France also used its military bases in neighbouring countries for the invasion of Mali. It is supported in the war over the Sahel by other imperialist powers. As with the war in Libya, Britain has immediately declared its support. As well as money and weapons, Prime Minister Cameron last week also promised the deployment of several hundred soldiers.
The US has announced the establishment of a permanent military base in Niger. As well as a 300-man elite squad, drones are being stationed there capable of carrying out surveillance and combat missions over the Sahel. A US drone base is also planned in Burkina Faso near southern Mali.
In just a few weeks, Mali and its neighbours have been transformed into a veritable military staging area for the imperialist powers and their local African allies. In addition to the 4,000 French soldiers deployed, the German Transall planes will transport around ECOWAS 7,000 soldiers. They will also be joined by hundreds of American, British and German troops.
Two years ago, France, Britain and the US initiated a new round of wars to subjugate the African continent to direct colonial rule with their aggression against Libya. At that time, the Berlin government had decided against open German participation. That was not out of a love of peace, but with regard to China and Russia, which were heavily involved in Libya with investments and trade agreements and which are significant trading partners for German business.
In addition, the Bundeswehr was ill prepared for such an extensive and prolonged military campaign. With troops in Afghanistan, the Horn of Africa and other war zones, its capacity for foreign missions was exhausted.
The Bundeswehr, reorganised and rearmed 10 years ago by the previous Social Democratic (SPD)-Green Party government into an effective fighting force for international operations, was in a crisis. The then-defence minister, Karl-Theodor zu Guttenberg (Christian Social Union, CSU), had made more of a name for himself through high-profile media appearances than for actually reforming the structure of the Bundeswehr.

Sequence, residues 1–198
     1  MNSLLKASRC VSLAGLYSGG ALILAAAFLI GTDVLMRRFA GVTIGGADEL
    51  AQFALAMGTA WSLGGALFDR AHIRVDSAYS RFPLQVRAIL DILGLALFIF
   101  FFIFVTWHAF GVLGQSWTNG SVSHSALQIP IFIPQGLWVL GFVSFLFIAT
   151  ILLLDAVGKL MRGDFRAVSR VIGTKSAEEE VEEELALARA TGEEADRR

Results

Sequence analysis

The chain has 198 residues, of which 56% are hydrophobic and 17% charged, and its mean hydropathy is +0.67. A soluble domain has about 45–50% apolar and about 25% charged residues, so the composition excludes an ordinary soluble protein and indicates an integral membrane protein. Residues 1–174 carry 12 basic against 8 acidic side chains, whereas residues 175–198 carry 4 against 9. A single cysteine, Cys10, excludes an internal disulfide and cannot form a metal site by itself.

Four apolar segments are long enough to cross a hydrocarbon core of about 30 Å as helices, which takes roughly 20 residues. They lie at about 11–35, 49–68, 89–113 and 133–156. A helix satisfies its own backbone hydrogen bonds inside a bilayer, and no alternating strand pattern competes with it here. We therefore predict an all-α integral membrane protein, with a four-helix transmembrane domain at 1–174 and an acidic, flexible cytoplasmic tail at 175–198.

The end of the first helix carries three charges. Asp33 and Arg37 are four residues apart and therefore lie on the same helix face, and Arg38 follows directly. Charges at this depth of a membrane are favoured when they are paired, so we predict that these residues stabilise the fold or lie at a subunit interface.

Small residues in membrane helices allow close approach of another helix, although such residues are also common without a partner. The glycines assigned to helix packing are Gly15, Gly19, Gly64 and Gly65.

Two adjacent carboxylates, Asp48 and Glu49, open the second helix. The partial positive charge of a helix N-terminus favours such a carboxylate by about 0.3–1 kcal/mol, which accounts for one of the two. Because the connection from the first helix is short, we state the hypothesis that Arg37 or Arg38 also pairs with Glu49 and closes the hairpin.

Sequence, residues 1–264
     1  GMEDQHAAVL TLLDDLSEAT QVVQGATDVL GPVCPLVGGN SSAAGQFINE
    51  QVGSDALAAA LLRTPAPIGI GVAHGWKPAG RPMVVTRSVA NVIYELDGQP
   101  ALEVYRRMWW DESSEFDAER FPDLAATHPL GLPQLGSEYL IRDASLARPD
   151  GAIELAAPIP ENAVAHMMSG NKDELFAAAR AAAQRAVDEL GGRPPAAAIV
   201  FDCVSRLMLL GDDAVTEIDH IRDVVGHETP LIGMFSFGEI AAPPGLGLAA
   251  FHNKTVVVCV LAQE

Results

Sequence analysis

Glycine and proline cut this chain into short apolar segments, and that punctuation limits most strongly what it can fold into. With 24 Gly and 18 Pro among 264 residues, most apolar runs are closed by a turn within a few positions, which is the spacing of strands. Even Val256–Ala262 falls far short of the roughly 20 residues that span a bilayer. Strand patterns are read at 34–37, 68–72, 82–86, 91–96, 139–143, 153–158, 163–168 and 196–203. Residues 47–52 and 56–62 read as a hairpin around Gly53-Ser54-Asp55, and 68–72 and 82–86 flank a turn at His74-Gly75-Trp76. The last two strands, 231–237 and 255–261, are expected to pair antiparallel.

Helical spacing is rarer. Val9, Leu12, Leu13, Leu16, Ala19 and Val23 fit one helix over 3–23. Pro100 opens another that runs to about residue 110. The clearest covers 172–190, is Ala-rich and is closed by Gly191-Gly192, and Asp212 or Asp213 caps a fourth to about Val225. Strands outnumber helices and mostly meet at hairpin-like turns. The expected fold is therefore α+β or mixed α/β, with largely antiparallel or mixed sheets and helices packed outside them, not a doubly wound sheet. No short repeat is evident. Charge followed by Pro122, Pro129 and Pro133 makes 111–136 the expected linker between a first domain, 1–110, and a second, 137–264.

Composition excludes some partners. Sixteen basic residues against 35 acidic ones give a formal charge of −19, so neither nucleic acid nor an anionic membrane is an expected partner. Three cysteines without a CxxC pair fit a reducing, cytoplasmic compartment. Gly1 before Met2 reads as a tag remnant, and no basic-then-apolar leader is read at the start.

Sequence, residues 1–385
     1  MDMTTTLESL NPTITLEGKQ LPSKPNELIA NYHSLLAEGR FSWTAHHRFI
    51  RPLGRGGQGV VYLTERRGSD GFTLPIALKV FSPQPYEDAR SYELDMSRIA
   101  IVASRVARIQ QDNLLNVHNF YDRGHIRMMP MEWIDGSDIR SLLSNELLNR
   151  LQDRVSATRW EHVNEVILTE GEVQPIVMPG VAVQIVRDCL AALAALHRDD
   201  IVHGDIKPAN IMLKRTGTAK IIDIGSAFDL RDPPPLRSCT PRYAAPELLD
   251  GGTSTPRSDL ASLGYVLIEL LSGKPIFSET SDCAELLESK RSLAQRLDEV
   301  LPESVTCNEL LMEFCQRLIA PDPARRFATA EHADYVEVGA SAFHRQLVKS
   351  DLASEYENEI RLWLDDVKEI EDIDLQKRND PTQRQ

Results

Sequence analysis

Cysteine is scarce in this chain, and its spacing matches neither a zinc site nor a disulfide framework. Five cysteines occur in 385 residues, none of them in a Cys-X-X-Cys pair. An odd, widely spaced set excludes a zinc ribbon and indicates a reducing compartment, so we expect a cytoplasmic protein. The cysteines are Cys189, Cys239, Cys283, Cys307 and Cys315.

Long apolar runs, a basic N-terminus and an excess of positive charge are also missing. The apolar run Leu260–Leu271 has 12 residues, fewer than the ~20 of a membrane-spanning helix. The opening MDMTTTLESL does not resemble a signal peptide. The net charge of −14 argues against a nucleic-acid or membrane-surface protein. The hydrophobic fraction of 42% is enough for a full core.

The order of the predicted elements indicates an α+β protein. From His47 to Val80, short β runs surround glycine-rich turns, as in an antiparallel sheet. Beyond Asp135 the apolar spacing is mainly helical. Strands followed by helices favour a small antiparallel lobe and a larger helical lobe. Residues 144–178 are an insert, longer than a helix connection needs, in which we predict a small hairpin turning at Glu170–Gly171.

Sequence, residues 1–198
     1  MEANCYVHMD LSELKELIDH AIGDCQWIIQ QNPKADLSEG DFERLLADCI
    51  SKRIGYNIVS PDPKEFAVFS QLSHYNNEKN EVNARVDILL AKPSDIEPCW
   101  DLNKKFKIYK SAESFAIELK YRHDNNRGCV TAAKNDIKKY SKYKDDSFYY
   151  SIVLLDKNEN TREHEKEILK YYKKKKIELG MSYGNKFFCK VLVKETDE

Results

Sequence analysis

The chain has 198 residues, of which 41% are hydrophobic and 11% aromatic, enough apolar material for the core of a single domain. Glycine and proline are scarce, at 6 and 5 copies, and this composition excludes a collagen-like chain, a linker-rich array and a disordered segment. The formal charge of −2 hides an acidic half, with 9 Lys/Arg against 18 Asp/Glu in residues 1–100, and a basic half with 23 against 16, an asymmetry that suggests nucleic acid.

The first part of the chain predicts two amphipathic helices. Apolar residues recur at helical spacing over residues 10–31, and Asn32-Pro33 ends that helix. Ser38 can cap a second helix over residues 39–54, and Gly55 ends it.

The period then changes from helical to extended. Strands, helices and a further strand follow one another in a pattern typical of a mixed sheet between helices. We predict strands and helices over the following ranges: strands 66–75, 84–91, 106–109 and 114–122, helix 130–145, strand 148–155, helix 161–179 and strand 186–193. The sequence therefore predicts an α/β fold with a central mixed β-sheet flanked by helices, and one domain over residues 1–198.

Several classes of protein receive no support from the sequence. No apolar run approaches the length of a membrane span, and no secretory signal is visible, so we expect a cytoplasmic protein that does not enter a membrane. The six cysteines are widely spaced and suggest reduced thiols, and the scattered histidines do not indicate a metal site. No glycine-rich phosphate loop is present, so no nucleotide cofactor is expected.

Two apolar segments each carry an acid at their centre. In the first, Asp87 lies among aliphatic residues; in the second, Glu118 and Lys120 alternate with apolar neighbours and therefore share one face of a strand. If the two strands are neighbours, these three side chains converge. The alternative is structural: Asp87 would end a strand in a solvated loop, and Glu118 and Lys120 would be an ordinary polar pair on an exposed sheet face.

Guttenberg was finally forced to resign following a plagiarism scandal, and was replaced by Thomas de Maizière (CDU) in March 2011, just two weeks before the bombing of Libya by the US, Britain and France.
De Maizière is considered a quiet but effective organiser. He was also familiar with the Bundeswehr since childhood. His father, Ulrich de Maizière, a staff officer in Hitler’s army, had built up the modern Bundeswehr in the 1950s and 1960s as the army inspector and general inspector.
Thomas de Maizière drove forward the “reorientation of the Bundeswehr” with professional efficiency. This was implemented during 2012 at the level of the ministry and the supreme military command. In January of this year, work began on the third, operational level, in a variety of so-called command capabilities.
For example, on January 15, in time for the first mission in Mali, the new, high-tech Bundeswehr Central Logistics Command opened in Erfurt. Under its command, 15,000 Bundeswehr personnel organise the logistics of all worldwide operations—i.e., supplying military task forces, weapons, transportation, clothing and food.
Thus, two years after the war in Libya, Germany is from the start an “equal partner” with the other great powers in the colonial war in Mali.
In an interview with the Süddeutsche Zeitung, at the opening of the Munich Security Conference, de Maizière stressed the importance of this change. With more than 6,000 soldiers deployed abroad, Germany was making a significant contribution by European standards, he said. France has only 2,700 soldiers, and Britain 11,000, participating in multilateral missions, he said. “Our involvement began in 1992 with medical missions in Cambodia, but now it is clear that the Bundeswehr can fight too.”